Switzerland’s central bank, the Swiss National Bank, on Thursday expressed optimism about the country’s economic performance and said the bank still expected a growth rate of 1.5 percent by the end of the year.This content was published on June 17, 1999 - 16:09
Switzerland’s central bank, the Swiss National Bank, on Thursday expressed optimism about the country’s economic performance and said the bank still expected a growth rate of 1.5 percent by the end of the year.
SNB President Hans Meyer (right) admitted that the Swiss economy had been sluggish in recent months. But he added that, in light of positive developments in the global economy, the Swiss economy would likely grow by the 1.5 percent forecast by the bank earlier this year.
A likely inflation rate of less than 1 percent, an increasingly flexible labour market and the SNB’s focus on price stability were contributing to a turnaround of the Swiss economiy, Meyer told journalists in the Swiss capital Berne.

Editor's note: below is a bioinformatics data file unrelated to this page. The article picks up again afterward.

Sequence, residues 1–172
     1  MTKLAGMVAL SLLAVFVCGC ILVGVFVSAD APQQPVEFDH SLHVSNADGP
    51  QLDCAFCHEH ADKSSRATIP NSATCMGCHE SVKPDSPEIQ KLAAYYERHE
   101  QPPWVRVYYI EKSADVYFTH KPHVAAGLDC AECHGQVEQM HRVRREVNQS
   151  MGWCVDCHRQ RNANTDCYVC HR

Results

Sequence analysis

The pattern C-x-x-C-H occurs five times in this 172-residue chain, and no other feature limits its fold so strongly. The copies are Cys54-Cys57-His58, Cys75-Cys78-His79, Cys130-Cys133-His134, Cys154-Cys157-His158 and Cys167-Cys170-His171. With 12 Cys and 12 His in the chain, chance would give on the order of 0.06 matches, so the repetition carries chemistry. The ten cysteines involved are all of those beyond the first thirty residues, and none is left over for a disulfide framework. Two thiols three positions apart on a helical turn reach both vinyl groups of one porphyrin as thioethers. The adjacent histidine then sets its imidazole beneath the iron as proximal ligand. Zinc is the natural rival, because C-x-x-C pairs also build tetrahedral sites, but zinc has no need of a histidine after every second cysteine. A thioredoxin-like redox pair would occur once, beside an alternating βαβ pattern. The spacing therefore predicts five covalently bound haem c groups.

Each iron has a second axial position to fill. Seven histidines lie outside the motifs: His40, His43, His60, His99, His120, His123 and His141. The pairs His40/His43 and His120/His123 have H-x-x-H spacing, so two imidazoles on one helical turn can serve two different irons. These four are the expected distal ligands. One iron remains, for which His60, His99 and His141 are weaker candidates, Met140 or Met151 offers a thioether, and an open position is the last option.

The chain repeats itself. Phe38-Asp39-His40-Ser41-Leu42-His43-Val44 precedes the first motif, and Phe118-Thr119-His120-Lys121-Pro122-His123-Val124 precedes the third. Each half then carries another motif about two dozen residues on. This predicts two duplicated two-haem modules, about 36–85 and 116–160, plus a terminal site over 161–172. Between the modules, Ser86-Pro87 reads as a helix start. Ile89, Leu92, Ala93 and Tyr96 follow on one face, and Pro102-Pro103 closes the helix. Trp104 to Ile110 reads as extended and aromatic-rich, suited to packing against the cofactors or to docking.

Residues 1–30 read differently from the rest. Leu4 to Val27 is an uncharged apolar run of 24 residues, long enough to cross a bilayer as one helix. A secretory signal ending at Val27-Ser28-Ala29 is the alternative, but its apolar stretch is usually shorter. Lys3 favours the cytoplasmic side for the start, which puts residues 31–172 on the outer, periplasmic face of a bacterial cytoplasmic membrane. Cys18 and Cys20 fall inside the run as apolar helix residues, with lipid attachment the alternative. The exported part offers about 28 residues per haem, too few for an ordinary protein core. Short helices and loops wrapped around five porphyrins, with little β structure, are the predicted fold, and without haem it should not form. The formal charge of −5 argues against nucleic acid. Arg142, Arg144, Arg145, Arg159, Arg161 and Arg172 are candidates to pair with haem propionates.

SNB Vice President Jean-Pierre Roth (left) underlined that the introduction of the European single currency Euro at the start of this year had not led to the kind of negative shockwaves forcecast by some doomesday sayers.
The bank also tried to ease concerns about the millennium bug -- a computer software problem that, according to some experts, could wreak havoc with financial markets if computers fail to read the year 2000 in a computer compatible way.
SNB Director-General Bruno Gehrig said the bank as well as the Swiss economy overall were taking the problem very seriously and were taking adequate measures to avoid a breakdown.
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